February 28, 2013

Baked Potato Bar

I'm always on the lookout for new meatless meal ideas. This one is easy - baked potatoes topped with a simple chili, but you can add ground beef if you'd like. Also - you can use chili (have some leftovers?) over the baked potatoes with the suggested toppings. I make myself sweet potatoes, but my husband prefers russet potatoes. Delicious and easy!

Baked Potato Bar

4 russet potatoes or sweet potatoes
1/2 onion, diced
1 clove garlic, minced
1/2 lb ground beef (optional)
2 c. cooked, drained beans - kidney or black
1 c. diced tomatoes
1 tsp. chili powder
1 tsp. cumin
1/4 tsp. cayenne pepper
salt and pepper (season to taste - if using canned beans, much less salt is needed)

toppings - use whichever ones you like
grated cheese - cheddar or monterey jack
thinly sliced green onions
shredded romaine lettuce
sour cream
diced avocado
fresh salsa

Wash potatoes and poke holes with a fork. Put directly on oven rack with a cookie sheet below and bake in 350 degree oven until easily pierced with a fork, about 1 hour.

Saute chopped onion and minced garlic in a splash of olive oil until softened, about 5 minutes. (If using ground beef, add to pan and cook until browned.) Then add beans, chopped tomatoes, and spices. Cook until heated through.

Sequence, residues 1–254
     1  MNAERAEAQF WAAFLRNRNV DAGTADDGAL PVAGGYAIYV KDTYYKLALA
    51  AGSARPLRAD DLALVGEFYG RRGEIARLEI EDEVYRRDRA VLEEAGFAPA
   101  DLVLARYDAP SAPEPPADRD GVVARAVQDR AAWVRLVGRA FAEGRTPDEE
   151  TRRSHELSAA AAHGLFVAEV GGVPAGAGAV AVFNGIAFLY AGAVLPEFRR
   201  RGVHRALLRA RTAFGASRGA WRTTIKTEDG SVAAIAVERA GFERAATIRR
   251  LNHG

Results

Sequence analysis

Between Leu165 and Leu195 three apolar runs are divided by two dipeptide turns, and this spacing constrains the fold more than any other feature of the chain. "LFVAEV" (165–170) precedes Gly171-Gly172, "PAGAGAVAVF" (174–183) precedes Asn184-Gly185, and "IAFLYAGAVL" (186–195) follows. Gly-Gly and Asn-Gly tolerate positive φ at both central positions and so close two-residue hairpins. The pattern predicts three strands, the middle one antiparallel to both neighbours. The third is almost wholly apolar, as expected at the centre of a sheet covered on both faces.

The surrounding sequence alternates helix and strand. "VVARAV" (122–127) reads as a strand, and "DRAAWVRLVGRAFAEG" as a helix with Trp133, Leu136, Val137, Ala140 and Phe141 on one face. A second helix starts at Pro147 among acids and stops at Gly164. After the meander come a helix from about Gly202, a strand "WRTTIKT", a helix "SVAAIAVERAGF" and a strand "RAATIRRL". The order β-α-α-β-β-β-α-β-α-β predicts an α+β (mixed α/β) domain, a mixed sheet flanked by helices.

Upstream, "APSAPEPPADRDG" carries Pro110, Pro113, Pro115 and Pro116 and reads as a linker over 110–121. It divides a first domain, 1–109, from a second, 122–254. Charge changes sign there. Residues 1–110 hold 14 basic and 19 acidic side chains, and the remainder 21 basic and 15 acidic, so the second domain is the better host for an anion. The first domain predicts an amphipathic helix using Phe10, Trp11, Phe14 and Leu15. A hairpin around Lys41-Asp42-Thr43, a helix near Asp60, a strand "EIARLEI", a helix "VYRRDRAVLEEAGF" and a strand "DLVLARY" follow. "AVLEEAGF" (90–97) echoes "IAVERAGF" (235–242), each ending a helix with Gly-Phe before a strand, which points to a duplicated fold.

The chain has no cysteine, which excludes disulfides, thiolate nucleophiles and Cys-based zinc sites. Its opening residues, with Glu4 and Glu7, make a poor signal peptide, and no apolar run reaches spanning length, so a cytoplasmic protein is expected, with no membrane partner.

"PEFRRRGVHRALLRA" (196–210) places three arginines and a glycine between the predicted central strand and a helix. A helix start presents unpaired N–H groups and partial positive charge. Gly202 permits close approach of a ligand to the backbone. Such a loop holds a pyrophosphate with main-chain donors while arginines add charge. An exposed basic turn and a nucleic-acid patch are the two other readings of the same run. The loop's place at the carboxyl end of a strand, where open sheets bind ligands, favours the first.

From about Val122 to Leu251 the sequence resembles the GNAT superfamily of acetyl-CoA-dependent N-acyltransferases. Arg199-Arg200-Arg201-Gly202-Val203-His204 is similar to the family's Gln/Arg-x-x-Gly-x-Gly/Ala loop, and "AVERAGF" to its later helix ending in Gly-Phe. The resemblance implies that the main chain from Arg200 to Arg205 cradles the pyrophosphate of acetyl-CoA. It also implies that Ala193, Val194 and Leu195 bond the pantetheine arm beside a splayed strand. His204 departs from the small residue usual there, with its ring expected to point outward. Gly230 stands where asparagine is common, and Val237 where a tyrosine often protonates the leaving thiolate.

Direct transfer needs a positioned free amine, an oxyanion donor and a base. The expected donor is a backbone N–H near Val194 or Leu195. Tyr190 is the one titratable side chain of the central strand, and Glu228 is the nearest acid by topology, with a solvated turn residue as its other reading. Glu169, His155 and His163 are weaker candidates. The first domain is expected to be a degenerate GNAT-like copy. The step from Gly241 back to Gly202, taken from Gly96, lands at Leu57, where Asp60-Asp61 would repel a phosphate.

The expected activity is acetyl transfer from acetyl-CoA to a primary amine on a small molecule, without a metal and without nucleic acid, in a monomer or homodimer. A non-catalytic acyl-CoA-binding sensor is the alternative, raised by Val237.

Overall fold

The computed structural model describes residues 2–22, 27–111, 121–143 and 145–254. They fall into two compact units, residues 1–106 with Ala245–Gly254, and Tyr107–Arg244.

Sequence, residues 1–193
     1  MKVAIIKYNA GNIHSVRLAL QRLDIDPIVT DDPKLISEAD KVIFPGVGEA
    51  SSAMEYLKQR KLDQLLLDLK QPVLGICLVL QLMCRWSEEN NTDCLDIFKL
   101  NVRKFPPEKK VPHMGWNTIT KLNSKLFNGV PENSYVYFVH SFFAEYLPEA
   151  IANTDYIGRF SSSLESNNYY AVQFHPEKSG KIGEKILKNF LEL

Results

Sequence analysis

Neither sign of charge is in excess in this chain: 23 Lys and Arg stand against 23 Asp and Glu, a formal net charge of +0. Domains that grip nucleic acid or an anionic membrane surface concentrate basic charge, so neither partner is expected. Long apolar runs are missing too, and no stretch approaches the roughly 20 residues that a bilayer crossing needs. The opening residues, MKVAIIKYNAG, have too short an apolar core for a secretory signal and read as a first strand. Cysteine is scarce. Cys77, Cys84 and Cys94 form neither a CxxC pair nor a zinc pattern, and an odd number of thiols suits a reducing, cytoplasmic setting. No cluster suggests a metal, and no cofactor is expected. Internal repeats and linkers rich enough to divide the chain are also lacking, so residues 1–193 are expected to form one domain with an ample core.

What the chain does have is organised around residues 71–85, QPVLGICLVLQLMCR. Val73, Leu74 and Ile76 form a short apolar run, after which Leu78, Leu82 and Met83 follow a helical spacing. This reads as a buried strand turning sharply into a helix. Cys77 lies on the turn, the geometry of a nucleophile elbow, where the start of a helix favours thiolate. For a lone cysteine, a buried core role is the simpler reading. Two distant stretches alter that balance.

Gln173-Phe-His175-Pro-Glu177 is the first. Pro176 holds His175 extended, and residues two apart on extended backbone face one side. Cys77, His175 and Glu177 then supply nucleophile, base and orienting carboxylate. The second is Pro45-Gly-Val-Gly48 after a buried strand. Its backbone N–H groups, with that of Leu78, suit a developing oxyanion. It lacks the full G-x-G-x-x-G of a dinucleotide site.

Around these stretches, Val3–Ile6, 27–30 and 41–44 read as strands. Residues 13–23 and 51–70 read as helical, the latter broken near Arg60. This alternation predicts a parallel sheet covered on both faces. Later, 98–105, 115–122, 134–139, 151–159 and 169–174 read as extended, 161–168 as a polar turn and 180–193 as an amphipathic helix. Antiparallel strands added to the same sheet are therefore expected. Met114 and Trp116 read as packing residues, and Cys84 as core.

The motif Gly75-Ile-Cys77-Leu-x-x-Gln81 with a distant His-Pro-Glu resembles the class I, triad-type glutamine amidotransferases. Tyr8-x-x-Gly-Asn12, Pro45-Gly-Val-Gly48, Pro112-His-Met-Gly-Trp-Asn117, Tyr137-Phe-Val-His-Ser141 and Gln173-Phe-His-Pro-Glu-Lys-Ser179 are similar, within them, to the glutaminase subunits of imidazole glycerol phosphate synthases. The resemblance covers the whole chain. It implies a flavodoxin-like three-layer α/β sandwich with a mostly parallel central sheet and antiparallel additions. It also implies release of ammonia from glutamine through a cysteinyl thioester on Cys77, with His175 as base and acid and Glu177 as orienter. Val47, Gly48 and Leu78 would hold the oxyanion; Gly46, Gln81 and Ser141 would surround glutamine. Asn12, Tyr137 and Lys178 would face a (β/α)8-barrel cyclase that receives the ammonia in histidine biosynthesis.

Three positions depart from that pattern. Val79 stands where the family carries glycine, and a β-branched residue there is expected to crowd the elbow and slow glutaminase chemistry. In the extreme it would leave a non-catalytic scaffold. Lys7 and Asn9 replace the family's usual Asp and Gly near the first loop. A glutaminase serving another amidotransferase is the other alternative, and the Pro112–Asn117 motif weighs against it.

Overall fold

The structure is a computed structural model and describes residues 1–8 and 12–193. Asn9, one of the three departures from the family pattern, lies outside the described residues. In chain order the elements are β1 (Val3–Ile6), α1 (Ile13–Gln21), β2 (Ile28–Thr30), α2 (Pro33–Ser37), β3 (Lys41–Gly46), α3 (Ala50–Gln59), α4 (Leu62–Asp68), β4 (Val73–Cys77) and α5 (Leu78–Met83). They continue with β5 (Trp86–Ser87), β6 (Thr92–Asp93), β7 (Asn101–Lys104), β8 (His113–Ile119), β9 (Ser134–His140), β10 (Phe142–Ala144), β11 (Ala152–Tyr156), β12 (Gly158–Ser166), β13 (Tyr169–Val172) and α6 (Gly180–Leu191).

Cut baked potatoes in half, add a pat of butter and salt and pepper. Mash the potato slightly. Top with the bean mixture and toppings.

February 27, 2013

Apple Cider Cranberry Cake

I am so lucky to live down the street from a farm with a robust farm stand with many varieties of vegetables, strawberries, melons, and some products they get from other local farms: apples, maple syrup, the best honey I've ever tasted, berries. They have their own cider mill to make fresh apple cider in the fall. It was delicious, but I couldn't drink it all, so I froze some, knowing I could use it in baking later.

Just look at this gorgeous building that houses the farm stand. And here's some of their vegetables for sale. (click on the photos to enlarge)